For several months, as Kathy and I pursued buying an old farmhouse, we kept telling each other that there may be something horribly wrong that we cannot see. Termites. Bad septic. Broken furnace. Something so wrong with the house as to torpedo the sale. We kept telling ourselves not to count our eggs, not to plan, not to get our hopes up until our offer was accepted and an inspector had checked the place thoroughly.

The inspection was last Friday. My heart sank as we entered the house. No heat, and water sprayed from the bathroom wall. No heat, burst plumbing. This was going to be bad... But that was the worst of it. The heat was turned on, the bathroom water turned off. One leak. Other than a few hundred dollars in plumbing repairs, we were seeing a remarkably updated and solid old farmhouse.

So now many months, years, of dreams came crashing in. My mind will not stop. What should we plant? Where? How will we dig up the garden? Do we need a tractor? A truck? How exactly do you use a barn? When should we get goats? No, we need fences before goats. What kind of fences? Where? Do we need barn cats? Dogs? Is eight acres enough? Too much? After months of supression, my mind is running 100 mph, with no brakes. Yeehaw!

Saturday, January 02, 2010

Another Naturalist Shops for an Old Farm

Many years ago I purchased a book about a celebrated nature writer, Edwin Way Teale, and his experience in purchasing and then living on an old farm. I enjoyed the book, but more than the book, and enjoyed the fantasy, the dream of owning a few acres of land and an old farmhouse. I knew it was unlikely to happen. I am a bureaucrat by day, and thus lack the luxury of living wherever I choose. I am destined to live near a city, where acres are expensive and farms rare. Public servants are paid a fraction of their counterparts in the private sector. Furthermore, most houses are "new." By "new" I mean built since WWII.

Although I have been in the process of actually purchasing an old farm for several months, it is only in the last few days that the reality is beginning to sink in. Built about 1880 (positively modern by New England standards, but old for Michigan) with 8 acres and a 20 minute commute, it is all I could ask for. There is one more hurdle (inspection) and then closing in a few short weeks. How did this happen?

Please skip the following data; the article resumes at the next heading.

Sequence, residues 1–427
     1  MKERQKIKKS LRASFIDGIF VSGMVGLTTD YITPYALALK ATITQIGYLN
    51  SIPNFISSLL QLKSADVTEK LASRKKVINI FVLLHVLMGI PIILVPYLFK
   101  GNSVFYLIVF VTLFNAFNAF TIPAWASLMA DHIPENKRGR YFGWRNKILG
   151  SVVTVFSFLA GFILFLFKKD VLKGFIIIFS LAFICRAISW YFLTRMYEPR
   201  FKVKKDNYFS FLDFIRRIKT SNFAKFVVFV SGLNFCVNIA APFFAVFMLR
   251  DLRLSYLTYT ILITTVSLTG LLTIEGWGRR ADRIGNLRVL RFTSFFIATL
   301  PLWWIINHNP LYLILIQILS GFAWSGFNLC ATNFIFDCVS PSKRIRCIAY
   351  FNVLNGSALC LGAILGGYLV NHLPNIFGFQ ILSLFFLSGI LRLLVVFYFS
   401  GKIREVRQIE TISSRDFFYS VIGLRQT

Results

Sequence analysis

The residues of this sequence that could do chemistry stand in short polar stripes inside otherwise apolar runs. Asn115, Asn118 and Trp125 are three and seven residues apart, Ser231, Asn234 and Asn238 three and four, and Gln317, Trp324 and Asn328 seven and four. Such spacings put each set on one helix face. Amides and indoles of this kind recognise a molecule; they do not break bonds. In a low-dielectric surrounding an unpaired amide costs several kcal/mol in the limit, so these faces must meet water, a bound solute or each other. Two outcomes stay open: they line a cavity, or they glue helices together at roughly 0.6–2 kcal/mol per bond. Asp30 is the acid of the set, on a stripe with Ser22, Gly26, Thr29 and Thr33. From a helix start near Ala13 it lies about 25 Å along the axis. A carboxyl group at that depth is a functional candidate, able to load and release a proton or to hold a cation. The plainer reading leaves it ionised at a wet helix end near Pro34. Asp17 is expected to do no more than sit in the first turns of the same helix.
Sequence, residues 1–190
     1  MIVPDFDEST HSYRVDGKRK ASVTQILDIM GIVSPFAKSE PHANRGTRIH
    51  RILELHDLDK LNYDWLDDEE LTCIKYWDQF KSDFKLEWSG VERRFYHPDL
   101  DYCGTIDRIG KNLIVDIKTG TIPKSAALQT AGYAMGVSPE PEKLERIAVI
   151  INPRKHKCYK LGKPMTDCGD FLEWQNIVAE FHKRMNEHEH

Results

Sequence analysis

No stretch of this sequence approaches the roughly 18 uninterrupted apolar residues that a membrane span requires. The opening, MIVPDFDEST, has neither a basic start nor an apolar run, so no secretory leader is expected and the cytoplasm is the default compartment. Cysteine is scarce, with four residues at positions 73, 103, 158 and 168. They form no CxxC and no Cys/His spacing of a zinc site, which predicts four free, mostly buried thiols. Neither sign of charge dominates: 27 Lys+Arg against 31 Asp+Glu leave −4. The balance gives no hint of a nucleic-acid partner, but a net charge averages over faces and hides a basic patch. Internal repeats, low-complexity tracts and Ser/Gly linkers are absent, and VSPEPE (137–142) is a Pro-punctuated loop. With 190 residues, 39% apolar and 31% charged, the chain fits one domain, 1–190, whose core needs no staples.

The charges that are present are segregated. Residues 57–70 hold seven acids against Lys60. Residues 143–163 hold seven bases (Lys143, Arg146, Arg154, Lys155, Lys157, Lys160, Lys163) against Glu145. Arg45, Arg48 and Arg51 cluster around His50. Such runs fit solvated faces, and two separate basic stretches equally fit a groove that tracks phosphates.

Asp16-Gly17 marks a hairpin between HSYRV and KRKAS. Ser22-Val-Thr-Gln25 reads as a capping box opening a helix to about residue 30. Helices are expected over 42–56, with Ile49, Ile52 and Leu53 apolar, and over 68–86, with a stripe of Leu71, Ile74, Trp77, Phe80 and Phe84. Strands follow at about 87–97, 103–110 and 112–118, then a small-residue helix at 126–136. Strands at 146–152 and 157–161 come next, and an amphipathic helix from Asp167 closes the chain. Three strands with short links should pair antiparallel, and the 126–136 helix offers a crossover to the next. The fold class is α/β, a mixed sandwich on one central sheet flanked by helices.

Let me start at the beginning... the Christian creation story. Setting aside the distraction of the evolution controversy, humans are imitators of an Artist obsessed with creating, especially creating life. This cultivating and creating is something my wife and I enjoy and have turned much of our city lot into gardens and (very) small plots of native prairie. But we want honeybees, and fruit trees, asparagus beds, and tomatoes, and goats, chickens, and turkeys.

Will it happen? Tune in next week...

Saturday, October 17, 2009

Making Gouda

I have made five goudas, and have yet to taste one of them. On gouda four I took pictures, and these are the steps as best I can remember them. If you want to do it right, I highly recommend following the steps (like I do) in Ricki Carroll’s excellent book Home Cheese Making, and purchasing her ingredients at New England Cheesemaking Supply.

First things first. Cheese is made from milk. So you need 2 gallons, more or less. That’s 32 cups, but who’s counting. I used goat’s milk. It’s local and the price is right. Free actually, because a friend has goats and is willing to give us the extra. We share our cheese.

I am reasonably sure that the milk should be heated slowly, but I am a busy man. So I turn our electric stove right up to med-high. That’ll bring cold milk up to 90 degrees F in about 10 minutes. You’ll want an accurate thermometer. Cheesemaking is all about temperature.

Then add a mesophyllic starter. Good bacteria. Stir it in good(ah) and then let it set for 10 minutes.